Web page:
For some of you reading this I’m sure that you have had enough snow and ice to last all season, and winter hasn’t even officially begun. But in St. Louis, my boys have been anxiously and impatiently waiting for snow to fall. We finally got a good amount of snow over the weekend, enough to provide the required foundation for sledding.
I approach sledding with a mixture of excitement and trepidation. The enthusiasm emanating from John and the boys is contagious. By the time we get all of our snow gear on, which takes oh, I don’t know, maybe 6 hours, the building anticipation threatens to explode and strip us of the gear we just nearly exhausted ourselves donning. We are all hot and sweaty in our layers by the time we get to the sledding hill, and eager to get out into the cold air.
That’s when the trepidation takes over. I watch the bodies fly down the hill in all directions at speeds you would never think possible from a little piece of plastic or wood not equipped with a jet pack. Ramps are jumped, ditches are skipped, and collisions are barely avoided. The most control a sled affords you is the decision as to where in your downhill plummet you will fall off of the sled, and if you choose not to fall off you are in effect making the decision to barrel into some other poor, unsuspecting sledder.
All in all, this scenario is a boy’s dream. Jack needed no assistance and was flying down the hill almost before we knew what was happening. I hadn’t even had time to scout out the hill and look for the safest spot. I thought the first sled down would consist of me holding onto his sled using my feet as brakes until we made it to the bottom safely. No such luck. I felt helpless as I watched him speed down the hill, bigger and faster sledders whipping past him on their way to sledding glory. He made it safely to the bottom, and then began the harrowing trek to the top of the hill trying to avoid those making their way to the bottom. I felt cheated and robbed of the few minutes of stress relief I thought that I would have between sleds. Getting back to the top of the hill was just as dangerous as getting to the bottom. I was relieved to see John reach the bottom on his sled and then act as a protective barrier for Jack as they trekked their way to the top.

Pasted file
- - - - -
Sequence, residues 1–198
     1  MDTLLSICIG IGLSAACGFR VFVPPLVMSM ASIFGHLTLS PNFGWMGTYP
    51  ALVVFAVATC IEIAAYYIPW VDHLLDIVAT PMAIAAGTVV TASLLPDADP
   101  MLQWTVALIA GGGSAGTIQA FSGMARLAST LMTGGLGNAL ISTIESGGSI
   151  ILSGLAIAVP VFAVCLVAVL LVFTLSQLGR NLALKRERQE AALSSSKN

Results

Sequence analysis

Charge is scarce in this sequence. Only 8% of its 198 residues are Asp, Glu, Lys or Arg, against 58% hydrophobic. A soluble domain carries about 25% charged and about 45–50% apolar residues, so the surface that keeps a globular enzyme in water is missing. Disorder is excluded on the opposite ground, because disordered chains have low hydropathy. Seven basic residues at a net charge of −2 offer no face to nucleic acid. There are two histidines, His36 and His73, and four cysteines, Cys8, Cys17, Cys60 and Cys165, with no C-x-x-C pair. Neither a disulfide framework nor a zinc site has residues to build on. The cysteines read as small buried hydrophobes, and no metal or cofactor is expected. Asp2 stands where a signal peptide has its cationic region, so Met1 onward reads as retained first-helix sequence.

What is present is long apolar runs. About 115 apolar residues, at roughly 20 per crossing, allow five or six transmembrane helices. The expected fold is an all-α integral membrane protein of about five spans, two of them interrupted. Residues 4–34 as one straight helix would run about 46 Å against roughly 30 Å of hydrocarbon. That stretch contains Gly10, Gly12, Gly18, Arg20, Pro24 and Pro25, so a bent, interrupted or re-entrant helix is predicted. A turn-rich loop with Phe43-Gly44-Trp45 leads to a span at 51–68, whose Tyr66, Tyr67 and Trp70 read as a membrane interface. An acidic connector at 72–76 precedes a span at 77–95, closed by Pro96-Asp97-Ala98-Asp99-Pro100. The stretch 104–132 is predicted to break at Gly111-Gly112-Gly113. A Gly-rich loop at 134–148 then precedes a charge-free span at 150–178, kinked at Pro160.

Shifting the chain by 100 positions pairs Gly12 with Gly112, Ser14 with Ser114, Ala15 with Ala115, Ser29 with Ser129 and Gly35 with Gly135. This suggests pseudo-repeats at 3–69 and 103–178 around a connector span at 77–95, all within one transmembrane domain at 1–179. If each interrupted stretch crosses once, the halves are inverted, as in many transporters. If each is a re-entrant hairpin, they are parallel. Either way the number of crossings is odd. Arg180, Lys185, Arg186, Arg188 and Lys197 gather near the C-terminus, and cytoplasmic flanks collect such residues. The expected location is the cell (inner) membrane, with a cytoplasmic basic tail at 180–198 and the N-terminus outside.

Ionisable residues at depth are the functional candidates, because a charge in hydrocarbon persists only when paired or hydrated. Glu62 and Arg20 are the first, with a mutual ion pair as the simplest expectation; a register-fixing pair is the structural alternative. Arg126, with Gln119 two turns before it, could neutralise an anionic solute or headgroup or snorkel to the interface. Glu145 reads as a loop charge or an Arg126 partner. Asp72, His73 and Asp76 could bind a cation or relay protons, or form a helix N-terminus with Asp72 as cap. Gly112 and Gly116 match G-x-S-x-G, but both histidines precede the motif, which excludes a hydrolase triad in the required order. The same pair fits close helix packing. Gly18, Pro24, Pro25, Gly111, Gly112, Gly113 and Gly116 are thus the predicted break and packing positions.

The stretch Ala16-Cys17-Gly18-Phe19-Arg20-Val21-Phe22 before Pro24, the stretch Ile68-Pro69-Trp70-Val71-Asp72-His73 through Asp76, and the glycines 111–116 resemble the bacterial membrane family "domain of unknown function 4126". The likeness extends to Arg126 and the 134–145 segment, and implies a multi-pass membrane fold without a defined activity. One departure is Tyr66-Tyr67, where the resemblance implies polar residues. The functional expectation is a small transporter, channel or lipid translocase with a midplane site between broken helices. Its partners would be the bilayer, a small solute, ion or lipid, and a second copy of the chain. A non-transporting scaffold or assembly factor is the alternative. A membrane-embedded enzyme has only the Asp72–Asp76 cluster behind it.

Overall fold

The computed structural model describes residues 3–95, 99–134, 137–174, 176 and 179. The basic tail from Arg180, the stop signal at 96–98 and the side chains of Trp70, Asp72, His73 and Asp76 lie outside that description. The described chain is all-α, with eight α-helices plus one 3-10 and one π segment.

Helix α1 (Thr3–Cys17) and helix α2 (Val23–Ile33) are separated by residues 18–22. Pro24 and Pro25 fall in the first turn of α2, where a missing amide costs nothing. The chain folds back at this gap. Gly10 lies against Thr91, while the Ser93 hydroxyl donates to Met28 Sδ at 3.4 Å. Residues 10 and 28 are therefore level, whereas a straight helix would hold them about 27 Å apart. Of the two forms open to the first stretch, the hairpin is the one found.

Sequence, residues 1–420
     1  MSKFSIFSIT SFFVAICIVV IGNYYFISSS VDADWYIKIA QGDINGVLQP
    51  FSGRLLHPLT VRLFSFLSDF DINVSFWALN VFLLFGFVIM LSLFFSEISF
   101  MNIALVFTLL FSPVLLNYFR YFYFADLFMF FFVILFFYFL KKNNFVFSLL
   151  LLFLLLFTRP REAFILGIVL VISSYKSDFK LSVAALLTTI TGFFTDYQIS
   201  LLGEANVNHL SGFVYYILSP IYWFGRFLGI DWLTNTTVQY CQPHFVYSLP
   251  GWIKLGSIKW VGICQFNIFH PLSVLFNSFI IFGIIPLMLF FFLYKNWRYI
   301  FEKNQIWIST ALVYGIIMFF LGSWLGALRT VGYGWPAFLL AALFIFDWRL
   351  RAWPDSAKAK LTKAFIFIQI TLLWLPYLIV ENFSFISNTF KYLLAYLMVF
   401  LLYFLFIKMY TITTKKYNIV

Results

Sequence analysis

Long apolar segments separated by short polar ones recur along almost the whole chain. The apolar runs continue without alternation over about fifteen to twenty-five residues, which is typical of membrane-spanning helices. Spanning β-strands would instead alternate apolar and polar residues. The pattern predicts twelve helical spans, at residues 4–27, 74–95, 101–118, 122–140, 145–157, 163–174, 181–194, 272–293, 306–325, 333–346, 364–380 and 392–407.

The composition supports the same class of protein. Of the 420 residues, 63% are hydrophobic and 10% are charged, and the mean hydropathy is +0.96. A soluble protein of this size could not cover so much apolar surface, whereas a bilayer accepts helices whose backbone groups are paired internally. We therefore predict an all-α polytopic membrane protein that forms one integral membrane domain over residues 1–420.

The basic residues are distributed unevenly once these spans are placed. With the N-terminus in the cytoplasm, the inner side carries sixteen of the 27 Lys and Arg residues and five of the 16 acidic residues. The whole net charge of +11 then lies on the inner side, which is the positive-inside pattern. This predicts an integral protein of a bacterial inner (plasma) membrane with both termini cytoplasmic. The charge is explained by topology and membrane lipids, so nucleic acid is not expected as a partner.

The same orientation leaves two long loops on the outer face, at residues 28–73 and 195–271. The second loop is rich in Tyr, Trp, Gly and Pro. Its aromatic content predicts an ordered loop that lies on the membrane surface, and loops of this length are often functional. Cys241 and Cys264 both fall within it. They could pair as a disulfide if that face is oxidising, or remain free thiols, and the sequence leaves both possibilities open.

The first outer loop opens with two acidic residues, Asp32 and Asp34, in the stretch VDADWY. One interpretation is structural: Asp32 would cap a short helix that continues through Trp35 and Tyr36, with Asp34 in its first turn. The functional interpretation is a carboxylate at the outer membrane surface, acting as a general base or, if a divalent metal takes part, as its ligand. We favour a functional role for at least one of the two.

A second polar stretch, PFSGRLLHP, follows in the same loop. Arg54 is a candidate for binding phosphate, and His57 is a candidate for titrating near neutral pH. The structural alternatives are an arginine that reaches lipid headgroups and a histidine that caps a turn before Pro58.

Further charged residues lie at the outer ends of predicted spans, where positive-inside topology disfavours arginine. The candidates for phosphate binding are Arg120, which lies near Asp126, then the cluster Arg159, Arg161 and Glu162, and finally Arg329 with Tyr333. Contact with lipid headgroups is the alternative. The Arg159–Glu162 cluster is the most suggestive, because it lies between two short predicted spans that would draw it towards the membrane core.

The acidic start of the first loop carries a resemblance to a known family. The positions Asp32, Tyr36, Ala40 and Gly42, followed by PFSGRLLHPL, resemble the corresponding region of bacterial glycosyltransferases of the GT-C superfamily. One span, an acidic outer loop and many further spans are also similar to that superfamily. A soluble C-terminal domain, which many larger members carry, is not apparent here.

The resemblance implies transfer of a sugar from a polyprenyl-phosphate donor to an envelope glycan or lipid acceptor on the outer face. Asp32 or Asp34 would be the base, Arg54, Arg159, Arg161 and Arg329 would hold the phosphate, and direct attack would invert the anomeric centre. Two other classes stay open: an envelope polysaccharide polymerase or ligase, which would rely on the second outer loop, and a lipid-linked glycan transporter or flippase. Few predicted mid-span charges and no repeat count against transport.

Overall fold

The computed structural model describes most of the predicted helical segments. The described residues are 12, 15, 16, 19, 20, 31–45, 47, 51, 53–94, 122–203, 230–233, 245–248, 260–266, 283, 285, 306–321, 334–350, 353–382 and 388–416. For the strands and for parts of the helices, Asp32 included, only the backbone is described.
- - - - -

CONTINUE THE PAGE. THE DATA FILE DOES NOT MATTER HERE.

At least Luke didn’t feel comfortable enough to ride alone. We rode together with my feet keeping us at a reasonable speed even as he chanted, “Faster, faster!” I had visions of my first time skiing and the wipe outs ending in "yard sales" that I endured.
It is amazing that, after over two hours of sledding, we were able to leave unscathed. And during those two hours we witnessed no other injuries. This was surprising to me, given that I saw people sledding on air beds, pool rafts, in-ground pond liners, and the frame of a go-kart on skis. These makeshift sleds were all driven by boys, by the way.
I added a few gray hairs to my collection yesterday, but we had a wonderful day and the boys were exhausted when we got home. It was very hard for Jack to sit inside for the remainder of the day and ignore the snow, so before it got dark he and John went outside for another round of play on the small hill near our backyard. Here is what Jack learned when mom wasn’t watching:
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